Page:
Six years ago, UT researchers witnessed an exploding star that they now believe was ripped apart by a black hole after further analysis.
A small Robotic Optical Transient Search Experiment at the McDonald Observatory at Fort Davis captured a photo of a bright light in January 2009, which was caused by the explosion. UT researchers initially mistook the blast for a super luminous supernovae. The team of scientists nicknamed the phenomenon “Dougie,” after a “South Park” character.
The ROTSE Supernova Verification Project uses the small telescope to look for newly discovered stars. Such phenomena are captured via photographs taken using advanced telescopes, reaching deep into space. This process is known as “time domain astronomy”, according to J. Craig Wheeler, a UT astronomy professor who helped make the discovery.
The ROTSE telescope used to capture the black hole and star collision is smaller than most telescopes, Wheeler said, and his team members were surprised when it discovered “Dougie.”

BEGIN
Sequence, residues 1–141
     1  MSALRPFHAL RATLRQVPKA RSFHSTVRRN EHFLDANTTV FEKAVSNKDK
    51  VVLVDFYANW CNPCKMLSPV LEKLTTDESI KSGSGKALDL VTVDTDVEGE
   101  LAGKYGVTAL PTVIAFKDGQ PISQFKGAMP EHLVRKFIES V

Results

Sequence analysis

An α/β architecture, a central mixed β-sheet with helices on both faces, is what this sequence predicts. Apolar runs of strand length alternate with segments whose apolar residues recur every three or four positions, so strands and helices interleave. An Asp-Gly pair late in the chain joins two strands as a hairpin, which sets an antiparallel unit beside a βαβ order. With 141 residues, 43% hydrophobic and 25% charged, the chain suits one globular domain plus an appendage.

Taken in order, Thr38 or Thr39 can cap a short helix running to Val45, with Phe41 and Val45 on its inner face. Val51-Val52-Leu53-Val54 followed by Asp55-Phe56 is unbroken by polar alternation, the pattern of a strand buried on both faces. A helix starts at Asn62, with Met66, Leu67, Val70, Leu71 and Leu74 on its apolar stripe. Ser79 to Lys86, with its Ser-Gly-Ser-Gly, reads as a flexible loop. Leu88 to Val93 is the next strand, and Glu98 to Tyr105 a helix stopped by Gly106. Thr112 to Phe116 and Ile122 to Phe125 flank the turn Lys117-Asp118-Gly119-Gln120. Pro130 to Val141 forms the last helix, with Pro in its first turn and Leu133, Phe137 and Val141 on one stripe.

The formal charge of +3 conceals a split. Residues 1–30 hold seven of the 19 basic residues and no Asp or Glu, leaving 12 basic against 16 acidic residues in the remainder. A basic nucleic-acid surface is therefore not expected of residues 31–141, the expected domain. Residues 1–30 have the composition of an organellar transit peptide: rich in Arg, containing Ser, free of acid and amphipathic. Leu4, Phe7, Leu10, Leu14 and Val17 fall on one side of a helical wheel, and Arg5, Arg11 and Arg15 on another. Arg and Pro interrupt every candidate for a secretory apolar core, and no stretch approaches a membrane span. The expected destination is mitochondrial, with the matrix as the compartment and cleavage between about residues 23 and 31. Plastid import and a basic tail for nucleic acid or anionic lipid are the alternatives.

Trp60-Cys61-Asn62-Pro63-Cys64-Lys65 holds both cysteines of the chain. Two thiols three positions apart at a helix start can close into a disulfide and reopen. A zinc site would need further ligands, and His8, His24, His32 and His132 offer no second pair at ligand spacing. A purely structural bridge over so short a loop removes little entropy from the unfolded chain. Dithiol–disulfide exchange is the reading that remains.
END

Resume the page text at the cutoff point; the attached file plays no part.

Upon further examination over six years of research, Wheeler determined “Dougie” was, in fact, caused by the star’s collision with a black hole.
“It just didn’t have the right characteristics of an ordinary supernova explosion,” said Wheeler. “We ruled out everything else we could think of.”
With the help of Harvard post-doctorate astrophysicist James Guillochon, the UT team used advanced computer software systems to create a wide range of possible scenarios related to the supernova’s destruction. At the conclusion of their research, the experts decided the black hole theory best explained the phenomenon.
“It’s not the nail in the casket, but we’re pretty sure about what we’ve discovered,” Wheeler said.
The lead author of the project, Jozsef Vinko, said this event has probably never been witnessed before. He also added that such events are extremely rare, with no way to predict whether a similar interaction between a star and a black hole will ever occur again.